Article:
The High Court has found a company and two of its directors and officers in contempt of court for a failure to comply with two court orders. The High Court sentenced the directors to 18 months imprisonment each as they were responsible for the company’s failure to comply with the orders.
Both orders contained a penal notice warning the company and its directors of the consequences of non-compliance with its terms. The judge found that the orders had been properly served on the company and its directors but they had not been complied with in any respect. The decision illustrates that deliberate breaches of disclosure orders under freezing orders, are considered to be serious and may result in an immediate substantial sentence of imprisonment.
What is a freezing order? A freezing order is an interim injunction that restrains a party from disposing of or dealing with his assets. The purpose of a freezing order is, typically, to preserve the defendant’s assets until judgment can be enforced.
An interim injunction is a provisional measure sought during legal proceedings, before trial. An injunction is an order of the court that requires a party either to do a specific act, or to refrain from doing a specific act. Interim injunctions are intended to prevent injustice pending trial.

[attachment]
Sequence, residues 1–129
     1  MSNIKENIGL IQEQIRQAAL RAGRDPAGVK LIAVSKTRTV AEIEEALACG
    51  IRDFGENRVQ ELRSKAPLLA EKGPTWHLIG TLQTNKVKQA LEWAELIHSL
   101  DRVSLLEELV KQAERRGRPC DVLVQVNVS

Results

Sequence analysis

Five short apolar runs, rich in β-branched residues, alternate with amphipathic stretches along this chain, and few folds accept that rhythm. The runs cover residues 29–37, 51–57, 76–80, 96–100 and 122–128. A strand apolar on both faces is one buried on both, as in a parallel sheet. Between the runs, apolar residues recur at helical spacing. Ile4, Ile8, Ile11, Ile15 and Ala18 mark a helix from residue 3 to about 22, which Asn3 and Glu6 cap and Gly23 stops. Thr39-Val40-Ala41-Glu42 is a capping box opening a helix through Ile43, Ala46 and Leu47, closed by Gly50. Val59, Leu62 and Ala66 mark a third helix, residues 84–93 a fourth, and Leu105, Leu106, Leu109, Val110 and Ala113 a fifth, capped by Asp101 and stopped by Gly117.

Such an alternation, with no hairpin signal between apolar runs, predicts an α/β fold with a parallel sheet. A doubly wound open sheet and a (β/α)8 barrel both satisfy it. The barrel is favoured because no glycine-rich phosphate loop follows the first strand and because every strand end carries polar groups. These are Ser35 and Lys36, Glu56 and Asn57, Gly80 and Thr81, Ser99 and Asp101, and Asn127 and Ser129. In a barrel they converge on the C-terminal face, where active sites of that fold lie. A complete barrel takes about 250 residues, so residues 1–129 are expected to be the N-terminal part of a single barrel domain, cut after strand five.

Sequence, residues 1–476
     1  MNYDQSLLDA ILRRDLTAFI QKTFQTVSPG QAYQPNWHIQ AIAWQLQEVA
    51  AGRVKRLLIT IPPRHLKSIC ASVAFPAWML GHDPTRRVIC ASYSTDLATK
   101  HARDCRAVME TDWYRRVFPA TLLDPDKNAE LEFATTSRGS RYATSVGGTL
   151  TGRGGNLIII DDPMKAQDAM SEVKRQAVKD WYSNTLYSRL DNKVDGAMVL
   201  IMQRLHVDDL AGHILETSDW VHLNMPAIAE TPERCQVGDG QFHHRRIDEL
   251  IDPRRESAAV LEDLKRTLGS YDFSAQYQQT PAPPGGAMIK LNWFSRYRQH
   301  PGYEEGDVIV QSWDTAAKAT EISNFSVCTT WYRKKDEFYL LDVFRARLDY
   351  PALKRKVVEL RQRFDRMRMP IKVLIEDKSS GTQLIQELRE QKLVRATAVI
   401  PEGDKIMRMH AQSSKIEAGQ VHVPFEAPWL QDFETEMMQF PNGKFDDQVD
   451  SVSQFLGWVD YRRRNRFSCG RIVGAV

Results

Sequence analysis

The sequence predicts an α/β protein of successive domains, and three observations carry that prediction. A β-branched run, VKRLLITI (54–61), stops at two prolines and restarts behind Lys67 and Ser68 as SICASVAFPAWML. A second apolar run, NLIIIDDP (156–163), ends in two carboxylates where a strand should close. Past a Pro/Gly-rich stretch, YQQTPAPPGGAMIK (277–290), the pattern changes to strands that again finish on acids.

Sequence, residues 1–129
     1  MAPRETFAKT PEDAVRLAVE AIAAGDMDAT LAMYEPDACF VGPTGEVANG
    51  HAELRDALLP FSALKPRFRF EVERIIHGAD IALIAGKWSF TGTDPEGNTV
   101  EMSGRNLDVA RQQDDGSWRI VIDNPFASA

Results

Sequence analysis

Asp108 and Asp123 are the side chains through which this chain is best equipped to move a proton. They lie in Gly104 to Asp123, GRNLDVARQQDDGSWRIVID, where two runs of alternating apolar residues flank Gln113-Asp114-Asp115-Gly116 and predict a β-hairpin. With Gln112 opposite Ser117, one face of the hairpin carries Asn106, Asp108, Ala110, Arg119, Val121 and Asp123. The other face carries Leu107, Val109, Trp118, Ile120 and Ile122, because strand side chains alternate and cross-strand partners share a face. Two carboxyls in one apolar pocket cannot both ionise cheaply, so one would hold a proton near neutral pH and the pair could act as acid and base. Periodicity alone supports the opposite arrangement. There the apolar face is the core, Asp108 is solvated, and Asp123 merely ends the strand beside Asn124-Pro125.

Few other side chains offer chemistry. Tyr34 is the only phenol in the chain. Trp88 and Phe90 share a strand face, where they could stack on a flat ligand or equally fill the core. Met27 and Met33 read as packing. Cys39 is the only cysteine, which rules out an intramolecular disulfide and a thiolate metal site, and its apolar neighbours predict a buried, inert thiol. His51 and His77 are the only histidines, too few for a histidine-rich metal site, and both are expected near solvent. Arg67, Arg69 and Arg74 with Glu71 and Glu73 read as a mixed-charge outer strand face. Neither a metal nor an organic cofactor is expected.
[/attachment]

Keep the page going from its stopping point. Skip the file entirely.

A disclosure order is often crucial to the effectiveness of a freezing order. Typically, the respondent will be given a short time to prepare an affidavit setting out the nature, value and location of his assets. The deadline imposed will depend on the circumstances.
Responding to a freezing order: Strict compliance with a freezing order and any supporting ancillary order is required. A respondent should take all possible steps to ensure compliance, including giving notice of the terms of the order to all relevant parties such as employees, banks, and others who jointly hold assets with or on behalf of the respondent.
Any breach of the freezing order may lead to committal proceedings for contempt of court.
The respondent should obtain legal advice if he has any doubt as to the effect of the order or the steps required to comply with it.
The content of this update is for information only and does not constitute legal advice. It states the law as at October 2015. We recommend that specific professional advice is obtained on any particular matter. We do not accept responsibility for any loss arising as a result of the use of the information contained in this update.